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Peter Mallory's Blog


By pmallory - Posted on 20 June 2012

17 January 2012

"Rowing is Never Having to Say You're Sorry." - Erich Segal

I didn’t sleep very well last night. I was dreaming that I was having a conversation with some nameless coach I knew, no face, nobody specific, but he kept saying to me, I wish you hadn’t written about that year.

I kept asking him why, and he would say something like how it had been tough that year, that things hadn’t worked out, that they had worked hard enough to win, that they had expected to win, that everybody had expected them to win, that they should have won . . . but they didn’t. And now nobody wants to go back and remember that year, not him, not the athletes. Why bring up such sad memories?

And then I woke up.

For hours I kept trying to get back into that dream. I kept the conversation going in my head as I lay there in the middle of the night. I wanted to tell that coach that he has been so successful so often, but that his career had way more to teach others when his crews fell short than when they won the Olympics. I wanted the chance to tell him that failure is so much more interesting than success, that we always learn more from our losses than from our wins.

But in my mind he was having none of it, and so I lay there staring at the ceiling . . .

Now that the pressure of writing and editing is off me, I’ve been treating myself and rereading The Sport of Rowing from start to finish. Wow! There are some tough stories in there: the one fellow that told me there was not a single morning when he didn’t get up and rue the day that he had lost the Olympic Trials by two feet 57 years earlier, another fellow denied entry to Henley spending the rest of his life getting even, the 1968 Olympic Trials where Penn missed a shot at Olympic glory by four inches . . . and then Harvard couldn’t recapture the magic of their courageous Trials victory because of injury and illness at high altitude.

And the list goes on . . .

Sometimes victory rises from the ashes of defeat, like when the defending Olympic Champion Dutch Men’s Double lost in 1992 to two lightweights from Australia, but from that defeat came the 1996 Olympic Champion Dutch Men’s Eight. And could the Canadian Men’s Eight have won so convincingly in 2008 without their heartbreaking loss of 2004?

It is easy to see the nobility of a loss when it lays the foundation for a later win, but surely it goes much deeper than that. Each time any of us goes to the start line, we run the risk of losing, and I believe we should embrace that possibility in everything we do. Winning means nothing if it is assured, and since there are far more losers than winners at a regatta, we must all recognize that we are all brothers and sisters united in an identical quest, that winners depend on losers to validate their efforts, that losers depend on winners to validate their aspirations.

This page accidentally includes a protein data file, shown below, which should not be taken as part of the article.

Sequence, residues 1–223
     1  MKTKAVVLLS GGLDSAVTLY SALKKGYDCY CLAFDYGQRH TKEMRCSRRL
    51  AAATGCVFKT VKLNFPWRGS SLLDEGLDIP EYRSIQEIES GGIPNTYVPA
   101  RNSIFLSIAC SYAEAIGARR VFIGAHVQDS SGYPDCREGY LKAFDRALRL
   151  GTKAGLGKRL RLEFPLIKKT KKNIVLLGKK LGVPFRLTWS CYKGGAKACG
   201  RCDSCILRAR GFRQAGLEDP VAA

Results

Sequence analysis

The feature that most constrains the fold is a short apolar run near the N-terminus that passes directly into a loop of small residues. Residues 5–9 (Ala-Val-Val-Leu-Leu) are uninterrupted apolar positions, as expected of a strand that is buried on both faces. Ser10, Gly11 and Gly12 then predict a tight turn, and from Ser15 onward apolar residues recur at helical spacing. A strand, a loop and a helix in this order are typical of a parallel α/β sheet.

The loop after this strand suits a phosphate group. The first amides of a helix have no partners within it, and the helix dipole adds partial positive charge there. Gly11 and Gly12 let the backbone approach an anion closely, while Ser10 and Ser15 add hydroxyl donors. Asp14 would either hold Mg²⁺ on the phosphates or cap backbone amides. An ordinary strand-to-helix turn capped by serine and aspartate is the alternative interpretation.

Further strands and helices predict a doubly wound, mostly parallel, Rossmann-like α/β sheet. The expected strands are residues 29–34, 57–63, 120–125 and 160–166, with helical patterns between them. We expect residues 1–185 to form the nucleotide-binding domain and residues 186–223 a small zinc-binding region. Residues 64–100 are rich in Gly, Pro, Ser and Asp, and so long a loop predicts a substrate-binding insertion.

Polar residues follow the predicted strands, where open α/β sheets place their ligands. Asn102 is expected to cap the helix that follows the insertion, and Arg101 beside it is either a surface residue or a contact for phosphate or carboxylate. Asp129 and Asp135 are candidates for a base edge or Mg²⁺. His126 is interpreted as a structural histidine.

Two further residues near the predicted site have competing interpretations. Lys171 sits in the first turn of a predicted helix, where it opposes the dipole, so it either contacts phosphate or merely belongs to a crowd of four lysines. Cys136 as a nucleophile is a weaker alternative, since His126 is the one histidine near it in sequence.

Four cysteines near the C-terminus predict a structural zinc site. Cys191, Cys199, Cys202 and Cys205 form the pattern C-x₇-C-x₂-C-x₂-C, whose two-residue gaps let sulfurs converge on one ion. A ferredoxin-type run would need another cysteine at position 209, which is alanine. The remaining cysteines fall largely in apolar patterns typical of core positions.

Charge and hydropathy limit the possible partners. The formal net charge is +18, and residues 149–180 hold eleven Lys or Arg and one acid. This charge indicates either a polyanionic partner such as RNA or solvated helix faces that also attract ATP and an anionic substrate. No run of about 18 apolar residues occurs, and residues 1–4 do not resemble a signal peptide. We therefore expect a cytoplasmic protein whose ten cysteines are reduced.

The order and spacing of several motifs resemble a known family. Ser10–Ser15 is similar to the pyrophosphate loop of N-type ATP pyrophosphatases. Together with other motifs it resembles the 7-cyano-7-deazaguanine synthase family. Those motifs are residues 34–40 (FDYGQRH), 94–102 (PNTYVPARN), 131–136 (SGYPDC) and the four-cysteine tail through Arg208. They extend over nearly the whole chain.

And there is so much benefit in reviewing the great losses of the rowing past. There is so much to learn in my book from the defeats described, in what works and what doesn’t. History is a series of cautionary tales, and if you succeed tomorrow because you read today about a defeat from yesterday, you give meaning to the pain and disappointments suffered by those predecessors.

When someone wins in my book, my heart leaps with theirs, and I swell with their pride, but my favorite parts of the book are the heartfelt moments of tears and regret . . . Likewise, while it brings me great satisfaction to describe the basic ingredients of an overachieving team: the training, the technique, the personalities, the way they found motivation, it is in deconstructing the underachievers that I have learned the most. It is here that my book has the most to offer the reader.

Was this easy to accomplish? No, it wasn’t. I promised myself that I would hold nothing back, sugar-coat nothing, that I would tell all sides of a disagreement, and still every person mentioned in the book would be able to show what I had written to their loved ones without embarrassment.

But how do you do all that for those who fell short of their ultimate goal, who sadly rowed back to the dock and into oblivion as others mounted the podium and another country’s anthem played? There was one particular chapter that took me seven years to get right. First I thought I would have to leave it out entirely. To paraphrase Erich Segal a second time, “What can you say about a twenty-five-year-old girl who lost the Olympics?”

But I quickly realized that this particular crew deserved to be honored with inclusion. So for years I interviewed various athletes, often going back three and four times, and soon it became clear to me that the real story was in the group dynamic. But it took a long time to convince anybody to talk honestly. Pride and esprit de corps banged up against anger, frustration, a sense of powerlessness and something close to post-traumatic stress. Even the rewriting took years . . . but the result was a glimpse into the brutal world of competitive international rowing at its most intense . . . and perhaps a sense that in rowing more than in most other pastimes individuals can find themselves prisoners of a destiny they do not even perceive.

This afternoon I find myself still talking to that coach in last night's dream: Your story belongs to history now, sir, and others will seek guidance from it . . . and if I’ve done my job anywhere near right, they will respect you more for the example you have set, for the lofty goal you strived for, for blazing the trail. And when others achieve the goal that remained just out of your own grasp that year, it will be because they were standing on your shoulders.